displease

[dis-pleez]

verb (used with object), dis·pleased, dis·pleas·ing.

to incur the dissatisfaction, dislike, or disapproval of; offend; annoy: His reply displeased the judge.

verb (used without object), dis·pleased, dis·pleas·ing.

to be unpleasant; cause displeasure: Bad weather displeases.

Origin of displease

1300–50; Middle English desplesen < Anglo-French, Middle French desplaisir. See dis-1, please
Related formsdis·pleas·ing·ly, adverbdis·pleas·ing·ness, nounself-dis·pleased, adjective
Dictionary.com Unabridged Based on the Random House Unabridged Dictionary, © Random House, Inc. 2019


Examples from the Web for displeasing

Historical Examples of displeasing


British Dictionary definitions for displeasing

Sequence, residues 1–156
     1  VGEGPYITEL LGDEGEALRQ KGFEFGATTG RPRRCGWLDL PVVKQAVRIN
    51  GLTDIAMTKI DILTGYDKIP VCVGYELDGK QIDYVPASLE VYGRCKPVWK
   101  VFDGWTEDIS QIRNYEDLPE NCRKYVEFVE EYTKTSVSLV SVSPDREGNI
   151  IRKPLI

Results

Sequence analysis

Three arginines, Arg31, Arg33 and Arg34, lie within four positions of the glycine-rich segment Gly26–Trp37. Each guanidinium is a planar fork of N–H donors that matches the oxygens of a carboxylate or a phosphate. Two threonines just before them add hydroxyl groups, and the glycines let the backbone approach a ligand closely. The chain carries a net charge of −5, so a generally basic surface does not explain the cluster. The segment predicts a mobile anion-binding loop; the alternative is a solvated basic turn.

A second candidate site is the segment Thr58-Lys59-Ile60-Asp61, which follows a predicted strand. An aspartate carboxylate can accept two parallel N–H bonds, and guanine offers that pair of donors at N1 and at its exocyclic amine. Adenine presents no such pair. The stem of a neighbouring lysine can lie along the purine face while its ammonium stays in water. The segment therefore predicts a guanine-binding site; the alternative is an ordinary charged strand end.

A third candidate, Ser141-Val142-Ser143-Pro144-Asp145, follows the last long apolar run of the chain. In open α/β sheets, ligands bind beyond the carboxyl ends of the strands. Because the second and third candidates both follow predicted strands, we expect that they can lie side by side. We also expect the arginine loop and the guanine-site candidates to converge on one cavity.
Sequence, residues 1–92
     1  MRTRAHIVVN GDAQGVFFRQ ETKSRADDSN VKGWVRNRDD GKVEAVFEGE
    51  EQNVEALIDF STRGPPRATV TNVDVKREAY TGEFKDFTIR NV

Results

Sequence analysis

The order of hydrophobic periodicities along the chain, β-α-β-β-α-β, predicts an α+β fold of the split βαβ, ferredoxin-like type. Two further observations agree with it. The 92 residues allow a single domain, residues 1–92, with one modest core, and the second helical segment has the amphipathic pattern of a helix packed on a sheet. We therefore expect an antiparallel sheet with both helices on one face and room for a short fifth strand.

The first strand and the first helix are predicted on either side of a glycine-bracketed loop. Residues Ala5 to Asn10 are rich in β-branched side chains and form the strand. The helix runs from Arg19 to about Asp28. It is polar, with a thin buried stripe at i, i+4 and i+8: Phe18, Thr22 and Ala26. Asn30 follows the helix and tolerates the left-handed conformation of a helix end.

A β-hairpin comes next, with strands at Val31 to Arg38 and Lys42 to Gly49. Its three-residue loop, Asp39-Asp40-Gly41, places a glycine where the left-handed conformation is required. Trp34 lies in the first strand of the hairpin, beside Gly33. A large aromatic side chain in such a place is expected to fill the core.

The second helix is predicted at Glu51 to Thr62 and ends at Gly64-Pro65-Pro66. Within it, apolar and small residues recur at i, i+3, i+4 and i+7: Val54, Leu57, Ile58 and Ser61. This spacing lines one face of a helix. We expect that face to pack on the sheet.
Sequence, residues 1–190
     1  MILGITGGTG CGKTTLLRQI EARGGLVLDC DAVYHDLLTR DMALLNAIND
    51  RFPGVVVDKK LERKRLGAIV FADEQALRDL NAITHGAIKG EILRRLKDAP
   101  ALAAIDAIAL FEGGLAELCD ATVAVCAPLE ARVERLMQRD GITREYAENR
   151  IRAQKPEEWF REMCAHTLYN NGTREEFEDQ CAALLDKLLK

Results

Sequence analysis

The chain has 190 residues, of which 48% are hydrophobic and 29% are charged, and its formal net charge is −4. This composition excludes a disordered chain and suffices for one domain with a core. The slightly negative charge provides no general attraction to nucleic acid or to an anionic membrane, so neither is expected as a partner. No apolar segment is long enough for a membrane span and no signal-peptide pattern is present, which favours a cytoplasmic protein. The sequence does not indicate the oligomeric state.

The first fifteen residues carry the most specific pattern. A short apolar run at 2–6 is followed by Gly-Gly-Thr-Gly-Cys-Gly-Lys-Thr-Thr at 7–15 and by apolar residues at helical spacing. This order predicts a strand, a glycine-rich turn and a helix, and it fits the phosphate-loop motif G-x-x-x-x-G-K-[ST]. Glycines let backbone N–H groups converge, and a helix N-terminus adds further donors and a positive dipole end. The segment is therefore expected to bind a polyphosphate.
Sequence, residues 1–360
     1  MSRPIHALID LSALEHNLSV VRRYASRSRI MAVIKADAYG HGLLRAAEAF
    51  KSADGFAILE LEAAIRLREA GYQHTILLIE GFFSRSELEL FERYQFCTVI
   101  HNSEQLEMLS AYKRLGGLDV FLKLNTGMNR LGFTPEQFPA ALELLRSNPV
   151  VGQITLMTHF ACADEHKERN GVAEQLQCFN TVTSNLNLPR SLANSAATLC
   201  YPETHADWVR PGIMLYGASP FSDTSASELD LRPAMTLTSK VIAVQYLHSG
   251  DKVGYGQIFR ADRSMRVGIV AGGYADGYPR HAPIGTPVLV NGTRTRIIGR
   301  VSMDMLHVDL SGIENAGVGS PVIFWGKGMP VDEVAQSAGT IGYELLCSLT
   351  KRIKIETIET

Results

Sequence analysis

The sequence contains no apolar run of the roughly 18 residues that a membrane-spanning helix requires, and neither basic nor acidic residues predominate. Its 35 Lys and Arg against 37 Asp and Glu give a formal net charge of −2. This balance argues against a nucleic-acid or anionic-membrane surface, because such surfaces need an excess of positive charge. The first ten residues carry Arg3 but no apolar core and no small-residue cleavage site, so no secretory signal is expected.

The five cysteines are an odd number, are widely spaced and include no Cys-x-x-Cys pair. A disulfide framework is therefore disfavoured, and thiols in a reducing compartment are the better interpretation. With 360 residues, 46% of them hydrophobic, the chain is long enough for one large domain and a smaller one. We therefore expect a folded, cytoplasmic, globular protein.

displease

verb

to annoy, offend, or cause displeasure to (someone)
Derived Formsdispleasing, adjectivedispleasingly, adverb
Collins English Dictionary - Complete & Unabridged 2012 Digital Edition © William Collins Sons & Co. Ltd. 1979, 1986 © HarperCollins Publishers 1998, 2000, 2003, 2005, 2006, 2007, 2009, 2012

Word Origin and History for displeasing

displease

v.

early 14c., from Old French desplais-, present tense stem of desplaisir "to displease" (13c.), from Latin displicere "displease," from dis- "not" (see dis-) + placere "to please" (see please). Related: Displeased; displeasing.

Online Etymology Dictionary, © 2010 Douglas Harper